Credit must go to Gordon Brown

The Financial Times last week ran a story entitled "The City must give credit where it is due", and I think they’re right. In my opinion, Gordon Brown has done an excellent job as Chancellor of the Exchequer. Like him or loathe him, the figures really do speak for themselves.

The Chancellor has consistently stated that his number one aim is to maintain and entrench economic stability in the UK. The figures show that since 1997, UK economic growth has been the least volatile of all 28 countries in the OECD. The UK economy hasn’t grown the fastest over the period – which is not a surprise considering the OECD includes countries such as Slovakia and South Korea – but it has been a clear leader in terms of stability. Gordon Brown’s unerring knack of predicting UK economic growth (predictions that have usually been well wide of those by the City’s best paid economists) has been particularly impressive.

While there have been accusations of goalpost shifting regarding the "Golden Rule", the fact is that Gordon Brown has made a better meal of balancing the books than any other chancellor in UK history (only Roy Jenkins, in 1967-1970 came close, and his politically unpopular attempt to run a balanced budget contributed to Ted Heath‘s surprise election victory in 1970). The UK budget is currently on track to remain balanced over the current economic cycle, and is forecast to move from a deficit of 0.7% of GDP this year to a surplus of 0.2% of GDP in 2008-09 (and remain in surplus thereafter).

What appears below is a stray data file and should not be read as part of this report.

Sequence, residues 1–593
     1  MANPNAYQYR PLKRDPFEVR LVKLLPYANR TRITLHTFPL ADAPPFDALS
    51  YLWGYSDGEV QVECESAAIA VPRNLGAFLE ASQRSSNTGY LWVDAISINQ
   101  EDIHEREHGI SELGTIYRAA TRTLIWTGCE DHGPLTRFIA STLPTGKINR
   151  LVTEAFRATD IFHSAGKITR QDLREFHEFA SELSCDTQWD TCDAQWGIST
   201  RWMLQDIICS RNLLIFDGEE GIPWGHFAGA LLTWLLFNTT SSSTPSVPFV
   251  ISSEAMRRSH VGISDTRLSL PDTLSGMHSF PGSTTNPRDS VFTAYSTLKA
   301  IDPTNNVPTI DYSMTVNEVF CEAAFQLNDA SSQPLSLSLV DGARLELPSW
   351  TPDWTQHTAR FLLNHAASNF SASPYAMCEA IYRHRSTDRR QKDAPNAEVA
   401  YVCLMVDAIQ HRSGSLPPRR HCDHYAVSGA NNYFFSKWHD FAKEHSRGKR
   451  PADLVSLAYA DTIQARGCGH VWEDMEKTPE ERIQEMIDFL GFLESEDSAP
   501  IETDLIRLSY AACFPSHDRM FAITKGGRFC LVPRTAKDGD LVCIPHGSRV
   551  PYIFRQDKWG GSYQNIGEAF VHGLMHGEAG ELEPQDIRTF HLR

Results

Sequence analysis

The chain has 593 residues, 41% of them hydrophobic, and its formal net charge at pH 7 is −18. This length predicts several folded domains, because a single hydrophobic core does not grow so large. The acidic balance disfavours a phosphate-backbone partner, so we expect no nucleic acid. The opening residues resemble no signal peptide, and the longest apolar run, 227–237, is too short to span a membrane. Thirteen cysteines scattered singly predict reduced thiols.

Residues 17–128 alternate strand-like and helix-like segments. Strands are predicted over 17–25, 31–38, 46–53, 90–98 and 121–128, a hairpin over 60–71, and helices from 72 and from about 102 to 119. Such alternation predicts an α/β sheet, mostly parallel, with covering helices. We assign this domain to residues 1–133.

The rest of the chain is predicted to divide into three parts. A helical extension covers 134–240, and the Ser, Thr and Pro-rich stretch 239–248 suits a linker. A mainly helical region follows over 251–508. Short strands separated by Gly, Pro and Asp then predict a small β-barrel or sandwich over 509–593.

Government spending will have to fall if the government is to meet these targets. The government managed to ride out the global slowdown of 2000-02 by increasing spending from 35.1% in 1999-2000 to 39.1% last year, but spending is forecast to fall to 38.3% by 2011-12, fractionally lower than when Labour came to power in 1997.

What does this mean for bond markets? Government borrowing must fall, and since government borrowing is funded by gilt issuance, new issuance of government bonds must fall.

The area of the market that will benefit the most will be long dated gilts. Over the past five years, the surge in government spending has been funded largely by long dated gilt issuance, but the long end has still managed to outperform short and medium dated maturities thanks to pension funds’ insatiable appetite. I expect long dated gilts to reap the benefits of the removal of this supply overhang.

The value of investments will fluctuate, which will cause prices to fall as well as rise and you may not get back the original amount you invested. Past performance is not a guide to future performance.

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